An outbreak of Ebola fever in the Democratic Republic of Congo may have claimed up to 32 lives since May, including that of a woman who had just given birth, the World Health Organisation said Tuesday.
By September 15, "a cumulative total of 72 cases was recorded, including 14 cases that were confirmed positive after laboratory analysis, 32 probable cases and 26 suspected cases, while 32 deaths were registered," the WHO announced in Kinshasa.
On Saturday, a baby born prematurely in the isolation centre in Isiro—the epicentre of the epidemic in northeastern DR Congo—to a mother infected by the Ebola virus was still alive while his mother died, the statement said.
In DR Congo, which has known eight outbreaks of the often fatal haemorraghic fever, it was the first time a pregnant woman had a child, because "Ebola and pregnancy are almost incompatible", Health Minister Felix Kabange Numbi said.
To date, there is no treatment nor vaccine for Ebola, which kills between 25 percent and 90 percent of patients depending on the strain of the virus.
The disease is transmitted by direct contact with blood, faeces and sweat, by sexual contact, and by unprotected handling of contaminated corpses.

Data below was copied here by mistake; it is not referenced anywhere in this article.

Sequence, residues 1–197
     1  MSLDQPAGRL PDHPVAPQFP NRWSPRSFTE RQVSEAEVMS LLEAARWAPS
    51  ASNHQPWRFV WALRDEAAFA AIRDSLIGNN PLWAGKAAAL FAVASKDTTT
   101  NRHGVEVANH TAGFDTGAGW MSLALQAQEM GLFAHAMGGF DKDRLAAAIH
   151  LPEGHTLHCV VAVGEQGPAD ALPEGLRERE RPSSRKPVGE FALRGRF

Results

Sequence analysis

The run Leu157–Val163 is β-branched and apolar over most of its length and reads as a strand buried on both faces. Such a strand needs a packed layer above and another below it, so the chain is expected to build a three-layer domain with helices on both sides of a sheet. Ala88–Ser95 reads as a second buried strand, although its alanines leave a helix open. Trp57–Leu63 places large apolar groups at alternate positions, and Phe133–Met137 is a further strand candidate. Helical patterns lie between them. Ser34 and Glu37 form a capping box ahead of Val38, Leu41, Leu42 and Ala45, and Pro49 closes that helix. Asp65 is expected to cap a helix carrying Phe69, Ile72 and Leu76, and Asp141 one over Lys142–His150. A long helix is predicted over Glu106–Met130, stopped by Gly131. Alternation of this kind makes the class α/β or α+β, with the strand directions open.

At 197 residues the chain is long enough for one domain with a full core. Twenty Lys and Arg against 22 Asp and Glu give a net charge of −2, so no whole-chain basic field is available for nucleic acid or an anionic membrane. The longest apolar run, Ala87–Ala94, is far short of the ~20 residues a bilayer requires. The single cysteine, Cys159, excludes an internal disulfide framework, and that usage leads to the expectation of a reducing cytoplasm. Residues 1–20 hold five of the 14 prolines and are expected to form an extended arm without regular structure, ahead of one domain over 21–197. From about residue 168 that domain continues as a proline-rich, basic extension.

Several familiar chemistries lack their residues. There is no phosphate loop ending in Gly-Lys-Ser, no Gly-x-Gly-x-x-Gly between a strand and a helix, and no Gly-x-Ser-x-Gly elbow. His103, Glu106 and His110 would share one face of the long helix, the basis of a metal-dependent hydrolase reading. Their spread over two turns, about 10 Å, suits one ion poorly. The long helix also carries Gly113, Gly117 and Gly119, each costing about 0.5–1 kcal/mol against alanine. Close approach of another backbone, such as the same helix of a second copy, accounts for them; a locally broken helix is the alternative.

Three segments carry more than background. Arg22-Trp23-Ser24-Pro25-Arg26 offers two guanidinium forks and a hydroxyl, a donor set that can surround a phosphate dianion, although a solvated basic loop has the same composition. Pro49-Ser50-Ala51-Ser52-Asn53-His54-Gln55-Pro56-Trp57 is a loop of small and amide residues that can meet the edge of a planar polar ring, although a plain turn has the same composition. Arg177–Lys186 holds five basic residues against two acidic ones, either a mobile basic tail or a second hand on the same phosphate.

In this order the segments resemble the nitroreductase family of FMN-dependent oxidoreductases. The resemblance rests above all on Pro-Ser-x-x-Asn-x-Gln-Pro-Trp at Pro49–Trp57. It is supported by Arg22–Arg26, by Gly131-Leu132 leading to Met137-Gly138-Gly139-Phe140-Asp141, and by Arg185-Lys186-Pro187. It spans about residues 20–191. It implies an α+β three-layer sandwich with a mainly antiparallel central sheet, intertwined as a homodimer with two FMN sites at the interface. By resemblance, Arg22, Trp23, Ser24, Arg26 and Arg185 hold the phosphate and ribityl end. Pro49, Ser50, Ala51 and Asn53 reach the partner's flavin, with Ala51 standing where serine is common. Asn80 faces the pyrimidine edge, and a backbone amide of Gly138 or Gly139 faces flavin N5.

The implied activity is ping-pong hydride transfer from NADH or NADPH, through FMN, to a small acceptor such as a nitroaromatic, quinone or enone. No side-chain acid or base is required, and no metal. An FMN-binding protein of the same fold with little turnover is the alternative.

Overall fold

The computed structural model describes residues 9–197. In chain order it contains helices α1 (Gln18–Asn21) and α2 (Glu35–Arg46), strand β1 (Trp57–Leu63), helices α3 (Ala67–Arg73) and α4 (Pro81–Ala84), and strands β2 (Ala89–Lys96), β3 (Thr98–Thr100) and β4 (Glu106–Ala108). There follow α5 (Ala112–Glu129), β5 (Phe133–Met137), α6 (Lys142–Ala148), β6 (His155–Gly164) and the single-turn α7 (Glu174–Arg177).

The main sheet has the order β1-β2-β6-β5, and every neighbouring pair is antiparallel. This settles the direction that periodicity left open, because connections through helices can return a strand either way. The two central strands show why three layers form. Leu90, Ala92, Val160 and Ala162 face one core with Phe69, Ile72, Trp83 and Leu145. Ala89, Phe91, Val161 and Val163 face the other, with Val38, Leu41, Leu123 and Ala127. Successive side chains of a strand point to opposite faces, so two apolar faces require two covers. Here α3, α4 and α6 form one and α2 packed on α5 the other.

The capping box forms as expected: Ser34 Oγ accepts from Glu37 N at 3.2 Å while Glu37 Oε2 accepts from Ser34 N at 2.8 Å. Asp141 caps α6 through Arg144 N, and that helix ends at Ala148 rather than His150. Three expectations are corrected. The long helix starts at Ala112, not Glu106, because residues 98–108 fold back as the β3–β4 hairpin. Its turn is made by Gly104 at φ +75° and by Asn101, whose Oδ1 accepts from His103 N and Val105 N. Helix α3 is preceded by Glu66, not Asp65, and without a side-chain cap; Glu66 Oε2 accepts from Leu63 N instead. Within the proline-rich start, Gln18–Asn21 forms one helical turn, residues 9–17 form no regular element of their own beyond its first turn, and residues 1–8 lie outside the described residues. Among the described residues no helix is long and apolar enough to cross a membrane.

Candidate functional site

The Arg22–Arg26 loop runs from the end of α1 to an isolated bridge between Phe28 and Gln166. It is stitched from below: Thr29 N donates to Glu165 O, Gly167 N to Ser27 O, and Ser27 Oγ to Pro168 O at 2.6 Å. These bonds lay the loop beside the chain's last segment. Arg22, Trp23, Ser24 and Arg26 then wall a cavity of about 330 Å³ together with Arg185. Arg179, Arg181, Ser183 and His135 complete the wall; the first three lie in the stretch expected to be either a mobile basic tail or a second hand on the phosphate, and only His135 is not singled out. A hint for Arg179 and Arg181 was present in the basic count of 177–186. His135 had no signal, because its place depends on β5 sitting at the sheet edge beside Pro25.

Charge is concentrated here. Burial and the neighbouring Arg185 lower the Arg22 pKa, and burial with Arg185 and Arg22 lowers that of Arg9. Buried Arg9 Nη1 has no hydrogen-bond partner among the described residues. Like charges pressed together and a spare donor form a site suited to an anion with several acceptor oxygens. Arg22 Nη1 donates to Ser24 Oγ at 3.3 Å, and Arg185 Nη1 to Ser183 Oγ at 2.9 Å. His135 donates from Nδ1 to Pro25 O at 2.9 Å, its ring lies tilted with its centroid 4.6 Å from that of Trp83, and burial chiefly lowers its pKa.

According to the WHO, 23 health workers were among the infected people. Five of them died, and 215 people who have been in contact with the sick are under surveillance. The most recent confirmed case of Ebola dates from Friday.
An epidemic was declared in mid-August in Orientale province, but the international committee for the fight against Ebola has carried out research and dated the outbreak back to May.
"Today, an analysis of the situation shows that the epidemic seems to be confined to its epicentre at Isiro and there have been no more cases of infection among health personnel," the WHO representative in Kinshasa, Leodegal Bazira, told AFP.
"This shows that measures to keep the infection in check are beginning to bear fruit. These measures need to be strengthened and sustained until the epidemic is declared over to prevent it spreading," he added.
Dr Bazira warned that Ebola can become "an international public health emergency if it is not rapidly contained."
The United Nations has launched an appeal for $2 million (1.53 million euros) to help fight the disease.
The ministry of health, the WHO, the Centers for Disease Control in Atlanta, Georgia, and Doctors Without Borders (MSF - Medecins Sans Frontieres) are working in close collaboration to combat the outbreak.
In Geneva, the WHO stated that an investigation was under way into all possible channels of the disease's transmission and to make sure all appropriate steps had been taken to keep it in check.